Japan is incredibly crowded society - every square inch of land is used for something. Even in a so-called "rural" prefecture like Fukui there's no real open countryside. Apart from the mountains, every possible space is occupied by a house, road or factory, and the bits left over are filled up with rice fields. Back gardens don't exist - if there's enough space for a back garden, it'll have rice growing in it instead.

This results in two things:

1) Parking is extremely scarce, not to mention expensive.

Many people have to pay every month for the rental of their car parking spot, which can be hundreds of pounds if you're in the city. Plus, the law says that when you buy a car you have to register a parking spot for it as well. A photo of the parking spot has to be delivered to the police, along with an application fee, and then a valid sticker must be displayed in your car at all times. Luckily, this doesn't apply to the really small cars (yellow plates), so I don't have to register.

It also means that things like this are popular in cities:



It's a robotic parking system which can fit into small and narrow buildings where there's no space for a car park. They're pretty ingenious - but the fact they're needed at all shows you just how scarce parking space is.

2) Being packed into a country like sardines means that people can get a bit uptight.

For such a crowded country, it's amazing that people don't flip out more often. The notion of harmony, or 'wa', runs deep in Japanese society, meaning that everyone tries their best to hide their grievences for the sake of the smooth running of the community. This, however, doesn't apply to car parks. And when Japanese people flip out, they really flip out.

One thing I've learned from this whole experience is that the perception of a parking space in Japan is very different from England. In England, a space is just a bit of tarmac. If someone parks in front of your house or apartment it might be a little irritating, but usually you'll just go and park somewhere else round the corner. In extreme cases, a strongly worded note under the windscreen might be called for.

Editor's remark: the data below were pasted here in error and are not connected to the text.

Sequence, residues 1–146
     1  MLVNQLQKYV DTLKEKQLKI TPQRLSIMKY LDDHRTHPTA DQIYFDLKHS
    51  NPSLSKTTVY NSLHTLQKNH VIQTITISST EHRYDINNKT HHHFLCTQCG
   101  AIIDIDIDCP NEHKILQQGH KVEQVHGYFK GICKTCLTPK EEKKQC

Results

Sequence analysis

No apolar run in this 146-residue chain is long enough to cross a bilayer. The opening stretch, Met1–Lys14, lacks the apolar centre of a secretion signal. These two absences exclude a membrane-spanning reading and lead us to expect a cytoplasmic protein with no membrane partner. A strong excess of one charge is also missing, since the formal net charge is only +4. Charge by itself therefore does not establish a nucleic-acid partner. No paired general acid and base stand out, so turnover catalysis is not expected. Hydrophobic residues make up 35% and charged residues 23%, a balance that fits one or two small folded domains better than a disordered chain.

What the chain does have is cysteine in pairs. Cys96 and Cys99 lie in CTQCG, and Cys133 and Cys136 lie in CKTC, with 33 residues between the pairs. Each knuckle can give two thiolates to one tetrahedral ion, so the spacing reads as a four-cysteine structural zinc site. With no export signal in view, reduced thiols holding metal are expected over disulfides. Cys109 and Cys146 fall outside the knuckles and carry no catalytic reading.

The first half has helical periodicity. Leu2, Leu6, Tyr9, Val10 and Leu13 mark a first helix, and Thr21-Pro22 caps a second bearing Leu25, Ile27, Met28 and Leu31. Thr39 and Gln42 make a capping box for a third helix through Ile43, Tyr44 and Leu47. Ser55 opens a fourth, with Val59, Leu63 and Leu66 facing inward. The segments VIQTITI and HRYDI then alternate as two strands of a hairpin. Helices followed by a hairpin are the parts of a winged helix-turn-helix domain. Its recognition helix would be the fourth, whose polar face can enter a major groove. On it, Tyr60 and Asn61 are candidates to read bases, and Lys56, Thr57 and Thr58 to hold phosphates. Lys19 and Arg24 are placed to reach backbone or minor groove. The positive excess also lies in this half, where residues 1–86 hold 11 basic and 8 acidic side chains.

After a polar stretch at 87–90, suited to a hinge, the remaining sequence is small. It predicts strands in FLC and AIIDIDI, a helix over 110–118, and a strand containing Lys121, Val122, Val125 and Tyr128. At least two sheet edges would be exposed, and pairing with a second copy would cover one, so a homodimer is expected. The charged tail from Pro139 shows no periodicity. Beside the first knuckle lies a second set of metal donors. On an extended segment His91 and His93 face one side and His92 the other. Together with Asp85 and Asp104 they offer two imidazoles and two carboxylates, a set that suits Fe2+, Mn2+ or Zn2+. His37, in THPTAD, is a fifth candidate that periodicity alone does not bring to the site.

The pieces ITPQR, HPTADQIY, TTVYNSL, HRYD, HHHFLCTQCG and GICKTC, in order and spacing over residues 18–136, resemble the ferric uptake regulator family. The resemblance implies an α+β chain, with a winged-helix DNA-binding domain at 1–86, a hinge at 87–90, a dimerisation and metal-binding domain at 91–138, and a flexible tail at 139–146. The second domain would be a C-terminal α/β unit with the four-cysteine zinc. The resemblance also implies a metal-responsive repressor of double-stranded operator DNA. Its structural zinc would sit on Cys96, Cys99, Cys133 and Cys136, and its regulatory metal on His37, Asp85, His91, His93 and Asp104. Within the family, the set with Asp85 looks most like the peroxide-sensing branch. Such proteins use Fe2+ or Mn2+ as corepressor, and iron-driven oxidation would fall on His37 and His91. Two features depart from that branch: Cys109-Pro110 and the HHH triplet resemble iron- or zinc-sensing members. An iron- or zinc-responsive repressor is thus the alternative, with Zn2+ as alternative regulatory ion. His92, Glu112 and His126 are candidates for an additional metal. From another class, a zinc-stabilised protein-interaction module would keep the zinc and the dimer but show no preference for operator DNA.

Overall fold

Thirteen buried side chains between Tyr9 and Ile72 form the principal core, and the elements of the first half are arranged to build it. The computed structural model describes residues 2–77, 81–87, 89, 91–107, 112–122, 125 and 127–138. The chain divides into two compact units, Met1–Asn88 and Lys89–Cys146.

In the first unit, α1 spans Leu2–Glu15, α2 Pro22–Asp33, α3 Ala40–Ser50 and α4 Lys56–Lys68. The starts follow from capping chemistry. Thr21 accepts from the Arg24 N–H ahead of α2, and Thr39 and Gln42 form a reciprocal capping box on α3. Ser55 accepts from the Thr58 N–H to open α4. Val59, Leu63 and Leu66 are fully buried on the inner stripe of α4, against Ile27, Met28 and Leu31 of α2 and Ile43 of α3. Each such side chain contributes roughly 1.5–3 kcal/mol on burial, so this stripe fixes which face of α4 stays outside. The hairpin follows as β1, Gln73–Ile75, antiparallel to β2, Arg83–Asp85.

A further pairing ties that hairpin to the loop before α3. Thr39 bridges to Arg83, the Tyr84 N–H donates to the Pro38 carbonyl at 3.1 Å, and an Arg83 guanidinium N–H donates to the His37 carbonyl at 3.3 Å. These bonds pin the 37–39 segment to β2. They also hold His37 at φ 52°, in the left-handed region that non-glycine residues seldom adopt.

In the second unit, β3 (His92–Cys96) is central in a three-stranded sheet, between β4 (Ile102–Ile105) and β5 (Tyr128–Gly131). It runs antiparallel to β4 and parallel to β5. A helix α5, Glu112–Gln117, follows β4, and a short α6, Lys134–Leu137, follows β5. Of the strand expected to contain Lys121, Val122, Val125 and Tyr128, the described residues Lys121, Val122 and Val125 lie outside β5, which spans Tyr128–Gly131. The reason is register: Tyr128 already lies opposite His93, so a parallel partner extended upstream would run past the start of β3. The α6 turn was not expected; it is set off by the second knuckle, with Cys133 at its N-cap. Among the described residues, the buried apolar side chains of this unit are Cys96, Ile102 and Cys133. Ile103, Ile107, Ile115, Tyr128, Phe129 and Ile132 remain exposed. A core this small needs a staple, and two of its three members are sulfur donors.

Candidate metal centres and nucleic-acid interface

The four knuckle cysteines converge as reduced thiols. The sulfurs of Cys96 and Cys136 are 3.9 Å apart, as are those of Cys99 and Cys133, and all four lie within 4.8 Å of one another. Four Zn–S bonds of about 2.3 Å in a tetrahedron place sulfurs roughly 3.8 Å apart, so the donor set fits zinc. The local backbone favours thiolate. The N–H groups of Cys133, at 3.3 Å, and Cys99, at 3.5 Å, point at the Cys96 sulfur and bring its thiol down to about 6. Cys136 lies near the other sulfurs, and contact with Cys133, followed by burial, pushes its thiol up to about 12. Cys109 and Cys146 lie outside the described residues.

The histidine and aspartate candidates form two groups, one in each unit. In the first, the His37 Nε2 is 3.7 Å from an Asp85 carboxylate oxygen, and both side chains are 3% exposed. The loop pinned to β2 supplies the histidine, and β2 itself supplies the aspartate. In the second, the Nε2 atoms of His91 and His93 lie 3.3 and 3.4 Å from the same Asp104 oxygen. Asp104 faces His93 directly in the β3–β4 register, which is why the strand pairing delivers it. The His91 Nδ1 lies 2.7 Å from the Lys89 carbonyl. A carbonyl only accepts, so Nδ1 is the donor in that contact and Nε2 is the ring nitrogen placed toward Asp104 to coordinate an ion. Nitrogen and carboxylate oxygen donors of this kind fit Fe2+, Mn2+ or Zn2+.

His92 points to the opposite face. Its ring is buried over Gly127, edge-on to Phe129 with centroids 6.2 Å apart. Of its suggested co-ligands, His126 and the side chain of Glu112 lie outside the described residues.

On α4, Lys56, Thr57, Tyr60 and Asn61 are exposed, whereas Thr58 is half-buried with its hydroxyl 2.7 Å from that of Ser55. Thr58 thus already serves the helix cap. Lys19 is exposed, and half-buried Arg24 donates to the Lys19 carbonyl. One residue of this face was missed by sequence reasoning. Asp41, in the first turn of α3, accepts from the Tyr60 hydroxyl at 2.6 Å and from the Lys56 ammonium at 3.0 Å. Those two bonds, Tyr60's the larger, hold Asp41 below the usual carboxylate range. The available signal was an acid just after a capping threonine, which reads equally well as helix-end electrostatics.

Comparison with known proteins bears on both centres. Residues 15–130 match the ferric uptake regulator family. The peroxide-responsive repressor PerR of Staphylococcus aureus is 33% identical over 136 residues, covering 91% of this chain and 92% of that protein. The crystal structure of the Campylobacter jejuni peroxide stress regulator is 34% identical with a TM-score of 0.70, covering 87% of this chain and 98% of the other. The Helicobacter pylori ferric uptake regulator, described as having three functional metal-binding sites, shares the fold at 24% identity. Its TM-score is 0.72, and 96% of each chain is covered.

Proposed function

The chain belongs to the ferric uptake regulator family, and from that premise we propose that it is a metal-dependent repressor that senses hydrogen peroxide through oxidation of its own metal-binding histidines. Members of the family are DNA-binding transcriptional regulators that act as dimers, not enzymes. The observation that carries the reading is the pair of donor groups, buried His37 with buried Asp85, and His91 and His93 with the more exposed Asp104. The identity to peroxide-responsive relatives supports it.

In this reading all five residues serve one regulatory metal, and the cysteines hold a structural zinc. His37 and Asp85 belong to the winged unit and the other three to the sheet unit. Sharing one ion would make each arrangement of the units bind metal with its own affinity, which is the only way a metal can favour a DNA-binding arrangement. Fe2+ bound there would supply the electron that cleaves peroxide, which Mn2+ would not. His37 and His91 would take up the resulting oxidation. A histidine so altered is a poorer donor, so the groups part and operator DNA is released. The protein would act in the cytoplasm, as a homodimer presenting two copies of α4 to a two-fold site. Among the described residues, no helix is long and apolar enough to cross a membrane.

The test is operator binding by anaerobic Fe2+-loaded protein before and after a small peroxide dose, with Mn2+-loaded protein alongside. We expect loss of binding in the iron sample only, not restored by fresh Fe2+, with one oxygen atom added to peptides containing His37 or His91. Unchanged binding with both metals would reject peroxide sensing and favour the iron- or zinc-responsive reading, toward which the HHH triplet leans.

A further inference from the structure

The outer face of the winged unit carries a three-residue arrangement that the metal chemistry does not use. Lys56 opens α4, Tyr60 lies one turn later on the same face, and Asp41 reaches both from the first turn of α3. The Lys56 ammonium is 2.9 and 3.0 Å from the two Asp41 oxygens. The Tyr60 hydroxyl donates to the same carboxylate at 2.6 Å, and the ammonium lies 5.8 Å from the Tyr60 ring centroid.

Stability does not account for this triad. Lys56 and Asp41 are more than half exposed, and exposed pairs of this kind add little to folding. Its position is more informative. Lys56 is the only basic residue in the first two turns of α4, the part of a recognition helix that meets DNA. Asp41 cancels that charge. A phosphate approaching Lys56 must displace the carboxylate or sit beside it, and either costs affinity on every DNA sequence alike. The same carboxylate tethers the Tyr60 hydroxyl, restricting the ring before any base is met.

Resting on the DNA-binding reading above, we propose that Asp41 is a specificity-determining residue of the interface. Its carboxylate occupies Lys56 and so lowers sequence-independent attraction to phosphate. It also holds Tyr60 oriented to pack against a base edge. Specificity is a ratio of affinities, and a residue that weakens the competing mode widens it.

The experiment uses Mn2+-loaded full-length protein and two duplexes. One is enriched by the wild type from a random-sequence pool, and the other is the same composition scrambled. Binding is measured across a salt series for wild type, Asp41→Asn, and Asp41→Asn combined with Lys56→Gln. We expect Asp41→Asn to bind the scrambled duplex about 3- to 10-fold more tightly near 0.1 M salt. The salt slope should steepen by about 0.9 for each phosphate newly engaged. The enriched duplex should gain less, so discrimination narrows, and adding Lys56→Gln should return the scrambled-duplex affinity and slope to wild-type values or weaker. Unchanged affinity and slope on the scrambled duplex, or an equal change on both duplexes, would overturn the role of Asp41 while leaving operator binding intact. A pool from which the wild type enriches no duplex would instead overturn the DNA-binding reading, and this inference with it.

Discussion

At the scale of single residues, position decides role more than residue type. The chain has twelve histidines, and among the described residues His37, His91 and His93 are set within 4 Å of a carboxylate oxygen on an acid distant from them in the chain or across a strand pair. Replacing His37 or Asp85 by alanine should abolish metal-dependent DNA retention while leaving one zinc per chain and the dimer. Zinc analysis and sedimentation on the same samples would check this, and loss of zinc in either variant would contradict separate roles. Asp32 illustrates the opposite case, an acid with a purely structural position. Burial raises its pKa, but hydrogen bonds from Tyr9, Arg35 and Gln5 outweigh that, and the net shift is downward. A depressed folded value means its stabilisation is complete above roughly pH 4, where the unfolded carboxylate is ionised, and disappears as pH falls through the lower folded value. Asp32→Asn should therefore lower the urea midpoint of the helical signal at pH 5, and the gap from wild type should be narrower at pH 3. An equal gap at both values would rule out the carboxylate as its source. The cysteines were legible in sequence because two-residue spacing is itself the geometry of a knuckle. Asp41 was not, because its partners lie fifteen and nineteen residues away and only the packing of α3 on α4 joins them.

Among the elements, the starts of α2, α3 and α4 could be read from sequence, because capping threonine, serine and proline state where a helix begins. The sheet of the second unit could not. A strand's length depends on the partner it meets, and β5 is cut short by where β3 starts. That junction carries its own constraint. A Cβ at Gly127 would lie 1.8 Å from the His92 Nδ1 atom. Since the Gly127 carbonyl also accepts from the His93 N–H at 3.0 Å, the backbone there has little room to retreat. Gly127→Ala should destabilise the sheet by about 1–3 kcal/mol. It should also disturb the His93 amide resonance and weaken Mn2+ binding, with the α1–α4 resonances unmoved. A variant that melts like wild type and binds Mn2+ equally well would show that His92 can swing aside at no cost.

In Japan, a car parking space is perceived more like a front lawn... You're paying for that space. That space is yours. Your apartment may be no bigger than a postage stamp, and you may have to sleep standing up in a cupboard, but at least you know that bit of concrete out front is yours.

So when some gaijin idiot like me comes along and takes your space, it's a bit like someone driving onto the front lawn and pulling donuts in front of your bay windows. Which is when 'wa' goes out the window and is replaced by "I'm gonna teach that gaijin idiot a lesson in manners".

So the moral of the story is this: if you want to go and visit one of your friends at his/her apartment, don't park in the parking spaces provided. Instead, try and leave your car hovering a few feet off the ground, or better still, pay a local street urchin to drive your car round and round in circles for the duration of your visit, thus avoiding the ever thorny issue of where to park, and, more importantly, keeping the 'wa' intact.

5 Comments:

Anonymous Anonymous said...

You neglected to tired about their need to BACK into any space, anywhere, even if they come to a deserted shopping center carpark at 6 in the morning.

9:36 am  
Blogger The Funky Drummer said...

Good Shit Lewis.

PS Your "Why can't they drive" song in JETfuel was superb.

11:57 am  
Blogger Lewis said...

Thanks Sam!

12:56 pm  
Blogger James Gallagher said...

Amazing. Very amazing. I guess she showed _you_, huh?

James

2:12 pm  
Blogger papa said...

I just found this post and made some comments about it on my new blog, papa no ibasho.

3:55 am